Now it's your turn.  With your table partner, read through the rest of this brief excerpt and see where you can show use of your reading strategies through coding the text.  After five minutes, you should be prepared to share out your thinking with the class.

(T will allow time for students to complete this task.  Then, T will facilitate whole-class share.  T will use student input to code the text on the overhead projector as students code the text with additional observations at their seats.)

Link: Now it's your turn. As you read today, what will you be doing? (Have students read through the directions in the "Link" section of the notes. If your students also complete an assignment for their literature circles during this time--such as a role sheet--you should add this task to the "Link" section as well.)

Independent Practice: (S will read silently and code the text with post-it notes. Since all S should have selected literature circle novels and scheduled meetings with their literature circle groups for this week, small groups of S may be meeting at this time. T should be free to hold Reader's Workshop conferences with individual students and/or pull small groups guided reading or other interventions.)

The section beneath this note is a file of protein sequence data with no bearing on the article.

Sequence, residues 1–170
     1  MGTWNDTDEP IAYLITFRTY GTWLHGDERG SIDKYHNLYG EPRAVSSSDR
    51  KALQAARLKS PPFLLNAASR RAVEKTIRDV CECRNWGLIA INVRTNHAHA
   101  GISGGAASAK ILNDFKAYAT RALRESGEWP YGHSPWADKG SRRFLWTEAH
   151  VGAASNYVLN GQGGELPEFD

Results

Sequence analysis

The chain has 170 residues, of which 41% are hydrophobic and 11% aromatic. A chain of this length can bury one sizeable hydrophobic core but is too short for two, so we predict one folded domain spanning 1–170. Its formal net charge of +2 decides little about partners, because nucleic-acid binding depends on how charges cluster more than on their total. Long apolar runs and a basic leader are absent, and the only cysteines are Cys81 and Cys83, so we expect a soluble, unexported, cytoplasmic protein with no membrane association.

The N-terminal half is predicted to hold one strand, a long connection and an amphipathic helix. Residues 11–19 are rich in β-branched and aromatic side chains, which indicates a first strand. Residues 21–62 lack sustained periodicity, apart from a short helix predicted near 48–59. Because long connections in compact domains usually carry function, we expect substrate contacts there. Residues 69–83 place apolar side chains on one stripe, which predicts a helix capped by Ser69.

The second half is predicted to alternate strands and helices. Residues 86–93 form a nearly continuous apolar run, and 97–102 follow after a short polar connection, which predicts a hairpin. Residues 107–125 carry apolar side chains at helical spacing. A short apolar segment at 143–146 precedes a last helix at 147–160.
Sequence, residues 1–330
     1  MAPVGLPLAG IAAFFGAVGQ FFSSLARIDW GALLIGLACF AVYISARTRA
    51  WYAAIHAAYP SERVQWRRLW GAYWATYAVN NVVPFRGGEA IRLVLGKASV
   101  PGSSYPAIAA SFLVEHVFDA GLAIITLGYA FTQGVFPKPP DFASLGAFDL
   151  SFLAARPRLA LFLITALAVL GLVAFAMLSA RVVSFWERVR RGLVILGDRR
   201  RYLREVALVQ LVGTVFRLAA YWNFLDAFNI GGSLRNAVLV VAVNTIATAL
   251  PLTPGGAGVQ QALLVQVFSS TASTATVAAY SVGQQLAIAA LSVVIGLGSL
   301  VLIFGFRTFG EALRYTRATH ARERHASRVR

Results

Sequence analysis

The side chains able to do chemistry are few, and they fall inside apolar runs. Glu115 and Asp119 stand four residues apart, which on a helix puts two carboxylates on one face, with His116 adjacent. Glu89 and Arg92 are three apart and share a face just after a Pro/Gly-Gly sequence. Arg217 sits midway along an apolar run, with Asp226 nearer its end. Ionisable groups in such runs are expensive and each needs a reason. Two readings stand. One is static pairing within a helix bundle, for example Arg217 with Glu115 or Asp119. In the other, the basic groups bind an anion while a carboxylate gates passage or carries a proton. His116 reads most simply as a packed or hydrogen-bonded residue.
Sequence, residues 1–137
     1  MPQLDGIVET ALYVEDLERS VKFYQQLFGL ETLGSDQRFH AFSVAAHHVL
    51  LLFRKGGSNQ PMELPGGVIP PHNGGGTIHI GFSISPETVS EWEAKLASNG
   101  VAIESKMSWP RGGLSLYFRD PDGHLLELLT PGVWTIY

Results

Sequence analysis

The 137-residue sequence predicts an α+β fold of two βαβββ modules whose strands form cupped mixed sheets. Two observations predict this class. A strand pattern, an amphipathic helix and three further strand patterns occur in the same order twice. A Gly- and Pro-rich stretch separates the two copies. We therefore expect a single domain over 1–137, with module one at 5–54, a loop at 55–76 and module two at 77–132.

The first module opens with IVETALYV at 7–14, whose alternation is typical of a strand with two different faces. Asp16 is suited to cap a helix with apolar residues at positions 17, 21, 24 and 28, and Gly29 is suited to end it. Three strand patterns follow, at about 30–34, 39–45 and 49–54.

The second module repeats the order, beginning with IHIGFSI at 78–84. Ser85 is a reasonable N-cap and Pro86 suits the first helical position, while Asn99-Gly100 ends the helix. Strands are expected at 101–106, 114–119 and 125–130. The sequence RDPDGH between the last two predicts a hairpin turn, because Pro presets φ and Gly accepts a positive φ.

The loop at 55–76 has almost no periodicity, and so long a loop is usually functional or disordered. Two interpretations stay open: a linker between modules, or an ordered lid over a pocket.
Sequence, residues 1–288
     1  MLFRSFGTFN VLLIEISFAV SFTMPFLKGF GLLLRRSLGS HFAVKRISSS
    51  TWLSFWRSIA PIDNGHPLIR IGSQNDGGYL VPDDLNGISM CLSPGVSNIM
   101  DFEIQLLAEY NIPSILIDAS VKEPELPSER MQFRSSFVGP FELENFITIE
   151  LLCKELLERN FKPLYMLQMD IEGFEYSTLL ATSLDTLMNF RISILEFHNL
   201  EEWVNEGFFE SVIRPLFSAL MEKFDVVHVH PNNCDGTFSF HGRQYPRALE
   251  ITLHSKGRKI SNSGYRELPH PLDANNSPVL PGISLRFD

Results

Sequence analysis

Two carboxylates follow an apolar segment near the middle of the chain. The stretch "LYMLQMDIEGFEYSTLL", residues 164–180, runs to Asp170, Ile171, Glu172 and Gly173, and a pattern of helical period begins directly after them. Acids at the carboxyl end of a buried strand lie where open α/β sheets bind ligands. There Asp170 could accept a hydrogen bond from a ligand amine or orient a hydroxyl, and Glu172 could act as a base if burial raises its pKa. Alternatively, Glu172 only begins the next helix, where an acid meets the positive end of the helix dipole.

Share: Our time for today is up. Please feel free to turn to your partner or move to meet with your literature circle so that you can share your work for today.  (T will allow time for sharing and circulate to check for understanding.)

Closing:  Every once in a while, it's great to loop back and review all of the different ways we know how to show our thinking as we read.  If we don't use all of the tools in our reading toolboxes, after all, they get rusty!

It's time for million dollar question!

1. Name two reading strategies we know how to code.  (Take reasonable responses.)

2. Why do we practice using reading strategies?  (Practicing reading strategies is the best way to become a better reader!)

3. Note to the Instructor: Insert your own question here based upon objectives your students have mastered up until this point in the year.

4. Why do we make inferences? (We come to grips with the "bigger ideas" in what we read, we get a better understanding of what the author is really trying to say, etc.)

Differentiation: Novels are differentiated by reading level and by choice. Active reading strategy: coding the text. Pair/Share during Direct Instruction/Guided Practice. Reader's Workshop conferences with students to encourage individualized goal-setting.  Lesson objective loops in skills from previous lessons.